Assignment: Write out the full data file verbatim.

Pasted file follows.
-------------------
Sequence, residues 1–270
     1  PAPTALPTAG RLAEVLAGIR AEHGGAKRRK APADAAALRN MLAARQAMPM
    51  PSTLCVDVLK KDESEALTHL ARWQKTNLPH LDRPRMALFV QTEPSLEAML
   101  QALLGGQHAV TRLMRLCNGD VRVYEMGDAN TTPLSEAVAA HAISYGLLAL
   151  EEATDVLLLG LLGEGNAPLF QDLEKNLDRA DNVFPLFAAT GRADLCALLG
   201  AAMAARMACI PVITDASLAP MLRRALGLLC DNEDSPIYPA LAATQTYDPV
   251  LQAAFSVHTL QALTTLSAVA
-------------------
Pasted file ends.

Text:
Sequence, residues 1–270
     1  PAPTALPTAG RLAEVLAGIR AEHGGAKRRK APADAAALRN MLAARQAMPM
    51  PSTLCVDVLK KDESEALTHL ARWQKTNLPH LDRPRMALFV QTEPSLEAML
   101  QALLGGQHAV TRLMRLCNGD VRVYEMGDAN TTPLSEAVAA HAISYGLLAL
   151  EEATDVLLLG LLGEGNAPLF QDLEKNLDRA DNVFPLFAAT GRADLCALLG
   201  AAMAARMACI PVITDASLAP MLRRALGLLC DNEDSPIYPA LAATQTYDPV
   251  LQAAFSVHTL QALTTLSAVA